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Garrick Ohlsson

Review: Ohlsson proves his enduring mastery of ‘Rach 3’ in performance with San Diego Symphony

From The San Diego Union-Tribune

By Luke Schulze

There is a moment in the 1996 film “Shine” (a dramatization of the life of the pianist David Helfgott) when a piano teacher describes Rachmaninoff’s Third Piano Concerto as a “mountain.” While the piece may not be, as young Helfgott puns, “the hardest piece you could everest play,” it’s close.

The “Rach 3,” as it has come to be known, is a warhorse among warhorses, satisfying audiences and challenging aspiring pianists since its premiere in 1909. This past weekend, Garrick Ohlsson tackled it with the San Diego Symphony under the baton of Robert Spano at the Rady Shell at Jacobs Park, and turned in performances that helped to both amplify the lore and mystique of the concerto and to further confirm Ohlsson’s reputation as an intelligent and fearsome pianist.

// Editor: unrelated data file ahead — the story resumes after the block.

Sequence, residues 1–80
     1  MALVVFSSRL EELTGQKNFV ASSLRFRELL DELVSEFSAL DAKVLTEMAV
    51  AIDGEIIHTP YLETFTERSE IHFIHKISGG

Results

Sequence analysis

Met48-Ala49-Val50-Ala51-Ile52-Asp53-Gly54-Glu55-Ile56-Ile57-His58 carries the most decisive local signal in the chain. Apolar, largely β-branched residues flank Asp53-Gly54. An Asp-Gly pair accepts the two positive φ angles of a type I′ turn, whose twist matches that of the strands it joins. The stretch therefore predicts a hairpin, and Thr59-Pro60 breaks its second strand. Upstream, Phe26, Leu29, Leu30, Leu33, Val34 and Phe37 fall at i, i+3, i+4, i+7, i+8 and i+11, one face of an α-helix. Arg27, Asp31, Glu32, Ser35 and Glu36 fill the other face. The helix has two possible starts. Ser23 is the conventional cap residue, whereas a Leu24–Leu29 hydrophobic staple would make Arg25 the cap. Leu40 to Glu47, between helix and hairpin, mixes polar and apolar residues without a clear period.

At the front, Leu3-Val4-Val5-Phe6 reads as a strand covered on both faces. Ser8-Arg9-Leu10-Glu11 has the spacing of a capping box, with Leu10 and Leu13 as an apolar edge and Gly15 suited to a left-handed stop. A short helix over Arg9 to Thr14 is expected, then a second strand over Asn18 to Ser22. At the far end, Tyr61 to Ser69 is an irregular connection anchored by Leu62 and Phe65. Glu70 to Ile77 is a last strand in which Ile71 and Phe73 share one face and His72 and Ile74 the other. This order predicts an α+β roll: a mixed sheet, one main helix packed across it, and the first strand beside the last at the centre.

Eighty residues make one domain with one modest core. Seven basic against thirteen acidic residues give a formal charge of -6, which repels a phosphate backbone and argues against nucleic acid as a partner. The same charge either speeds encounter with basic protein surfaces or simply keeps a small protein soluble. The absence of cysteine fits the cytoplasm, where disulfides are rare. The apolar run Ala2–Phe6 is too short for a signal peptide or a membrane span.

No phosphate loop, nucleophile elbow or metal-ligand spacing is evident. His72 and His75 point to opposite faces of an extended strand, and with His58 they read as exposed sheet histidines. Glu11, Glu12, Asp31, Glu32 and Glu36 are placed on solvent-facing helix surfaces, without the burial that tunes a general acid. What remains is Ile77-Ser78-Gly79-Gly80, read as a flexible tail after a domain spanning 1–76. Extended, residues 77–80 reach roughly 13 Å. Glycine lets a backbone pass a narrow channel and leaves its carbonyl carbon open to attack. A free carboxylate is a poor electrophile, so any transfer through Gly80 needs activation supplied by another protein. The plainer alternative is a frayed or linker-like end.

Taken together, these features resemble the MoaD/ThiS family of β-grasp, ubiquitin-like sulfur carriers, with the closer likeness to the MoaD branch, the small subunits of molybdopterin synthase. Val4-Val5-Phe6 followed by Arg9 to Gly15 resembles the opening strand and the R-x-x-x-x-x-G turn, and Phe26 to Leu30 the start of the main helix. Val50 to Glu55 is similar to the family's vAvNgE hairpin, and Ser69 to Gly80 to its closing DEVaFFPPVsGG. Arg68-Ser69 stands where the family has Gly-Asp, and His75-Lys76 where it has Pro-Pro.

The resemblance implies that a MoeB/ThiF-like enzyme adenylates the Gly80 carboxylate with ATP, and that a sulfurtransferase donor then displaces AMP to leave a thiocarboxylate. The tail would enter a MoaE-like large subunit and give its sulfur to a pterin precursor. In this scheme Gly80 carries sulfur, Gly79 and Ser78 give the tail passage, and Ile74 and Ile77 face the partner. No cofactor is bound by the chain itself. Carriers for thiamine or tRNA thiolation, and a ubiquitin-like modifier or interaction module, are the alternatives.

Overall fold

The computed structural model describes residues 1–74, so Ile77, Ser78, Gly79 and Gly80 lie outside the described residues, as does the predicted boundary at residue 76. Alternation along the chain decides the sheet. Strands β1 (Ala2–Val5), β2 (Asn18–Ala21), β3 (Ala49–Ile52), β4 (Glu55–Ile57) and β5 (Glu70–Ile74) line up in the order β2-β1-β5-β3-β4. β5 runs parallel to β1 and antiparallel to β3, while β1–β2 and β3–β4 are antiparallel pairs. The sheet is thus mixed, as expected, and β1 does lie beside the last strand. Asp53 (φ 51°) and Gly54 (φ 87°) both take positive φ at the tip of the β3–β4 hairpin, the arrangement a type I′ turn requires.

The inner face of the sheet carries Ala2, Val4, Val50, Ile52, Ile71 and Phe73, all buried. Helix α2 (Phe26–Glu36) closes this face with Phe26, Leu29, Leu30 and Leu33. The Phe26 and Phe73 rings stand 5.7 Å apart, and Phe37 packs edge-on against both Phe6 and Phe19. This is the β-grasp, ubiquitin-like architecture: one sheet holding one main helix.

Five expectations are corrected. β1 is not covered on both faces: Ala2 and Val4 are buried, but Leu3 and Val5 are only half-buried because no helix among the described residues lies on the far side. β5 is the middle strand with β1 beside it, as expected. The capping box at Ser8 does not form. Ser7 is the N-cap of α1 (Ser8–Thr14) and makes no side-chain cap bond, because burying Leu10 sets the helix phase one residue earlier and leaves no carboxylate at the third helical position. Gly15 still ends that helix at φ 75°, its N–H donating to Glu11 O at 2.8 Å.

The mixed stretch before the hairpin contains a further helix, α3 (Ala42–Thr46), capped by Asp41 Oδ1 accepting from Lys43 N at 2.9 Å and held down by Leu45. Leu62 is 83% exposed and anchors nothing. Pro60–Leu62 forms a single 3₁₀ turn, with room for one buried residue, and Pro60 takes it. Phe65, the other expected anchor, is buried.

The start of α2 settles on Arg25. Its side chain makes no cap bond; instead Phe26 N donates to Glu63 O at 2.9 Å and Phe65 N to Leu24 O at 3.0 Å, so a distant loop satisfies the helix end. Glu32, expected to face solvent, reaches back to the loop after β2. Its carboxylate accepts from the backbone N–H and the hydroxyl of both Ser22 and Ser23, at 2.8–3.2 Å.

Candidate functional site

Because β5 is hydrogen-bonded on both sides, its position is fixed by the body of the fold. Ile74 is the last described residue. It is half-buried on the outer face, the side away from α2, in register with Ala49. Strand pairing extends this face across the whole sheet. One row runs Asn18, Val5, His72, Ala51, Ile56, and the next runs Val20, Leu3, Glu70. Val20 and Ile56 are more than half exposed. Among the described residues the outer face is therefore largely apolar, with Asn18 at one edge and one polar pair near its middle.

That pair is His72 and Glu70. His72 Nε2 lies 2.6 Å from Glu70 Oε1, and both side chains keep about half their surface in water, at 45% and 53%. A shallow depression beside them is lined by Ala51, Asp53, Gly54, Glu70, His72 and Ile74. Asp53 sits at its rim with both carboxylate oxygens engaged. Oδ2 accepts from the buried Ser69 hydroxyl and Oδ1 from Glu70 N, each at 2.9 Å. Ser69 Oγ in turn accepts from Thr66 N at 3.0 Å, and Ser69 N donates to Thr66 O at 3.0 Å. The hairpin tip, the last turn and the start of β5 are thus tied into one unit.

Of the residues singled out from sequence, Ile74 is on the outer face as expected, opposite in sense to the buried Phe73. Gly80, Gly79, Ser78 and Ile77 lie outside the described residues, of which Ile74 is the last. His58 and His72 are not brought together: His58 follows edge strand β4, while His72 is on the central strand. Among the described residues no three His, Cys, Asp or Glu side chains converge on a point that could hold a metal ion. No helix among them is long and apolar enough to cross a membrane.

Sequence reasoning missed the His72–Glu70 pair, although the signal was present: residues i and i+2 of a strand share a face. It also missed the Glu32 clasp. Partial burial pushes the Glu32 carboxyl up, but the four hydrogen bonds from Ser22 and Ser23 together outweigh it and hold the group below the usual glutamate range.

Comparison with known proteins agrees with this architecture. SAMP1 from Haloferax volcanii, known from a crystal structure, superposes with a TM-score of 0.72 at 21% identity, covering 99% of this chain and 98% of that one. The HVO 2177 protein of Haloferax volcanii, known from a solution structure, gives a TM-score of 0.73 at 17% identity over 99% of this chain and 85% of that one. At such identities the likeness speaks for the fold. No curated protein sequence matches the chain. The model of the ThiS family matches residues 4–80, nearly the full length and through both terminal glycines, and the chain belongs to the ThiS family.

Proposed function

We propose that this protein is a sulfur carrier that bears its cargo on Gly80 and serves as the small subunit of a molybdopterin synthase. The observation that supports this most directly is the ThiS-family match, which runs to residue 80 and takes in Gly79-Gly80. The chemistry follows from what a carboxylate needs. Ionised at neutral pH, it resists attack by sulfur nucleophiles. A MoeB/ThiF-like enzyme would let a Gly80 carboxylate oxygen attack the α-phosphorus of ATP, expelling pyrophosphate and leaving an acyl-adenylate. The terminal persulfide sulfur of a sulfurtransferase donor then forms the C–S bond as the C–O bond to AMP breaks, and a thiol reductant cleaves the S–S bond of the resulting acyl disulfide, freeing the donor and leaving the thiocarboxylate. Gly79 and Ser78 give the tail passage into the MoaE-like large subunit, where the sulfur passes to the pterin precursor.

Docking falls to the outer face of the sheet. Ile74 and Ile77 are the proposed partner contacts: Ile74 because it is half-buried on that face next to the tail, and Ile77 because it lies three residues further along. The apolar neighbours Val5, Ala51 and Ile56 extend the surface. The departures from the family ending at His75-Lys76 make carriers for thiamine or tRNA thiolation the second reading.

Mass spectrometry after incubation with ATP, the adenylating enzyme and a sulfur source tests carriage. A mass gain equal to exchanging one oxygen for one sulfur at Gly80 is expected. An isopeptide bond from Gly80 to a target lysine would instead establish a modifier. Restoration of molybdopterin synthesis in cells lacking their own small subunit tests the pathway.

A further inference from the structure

Part of the magic of this work is its dual nature as a rhapsodic, virtuoso improvisation that yet manages to adhere to a sensible, perceptible structural layout. Rachmaninoff’s knack for varying melodies over the course of the concerto allows the soloist to appear as a master improvisor, while tethering the thrilling technical difficulty of the piece to a clear architecture … provided, of course, the soloist understands the piece as well as Ohlsson does. He was on to every connection, no matter how subtle, with all thematic threads illuminated with a sense of sympathy and delight, from the myriad reconfigurations of the famous opening melody to the lyrical secondary gesture that returns like a sad recollection in the second movement Intermezzo.

Ohlsson can still manhandle great handfuls of notes as he did in the 1970s (he was especially fierce Saturday in the legendary cadenza to the first movement) but he remains above all a smart pianist, and brought a classical sense of equilibrium to this Promethean work. His encore, the gentle and singing E-flat Nocturne, op. 9, by Chopin, was likewise judicious, focusing on bringing the detailed melodic line into nuanced relief above the accompaniment.

Read the full review.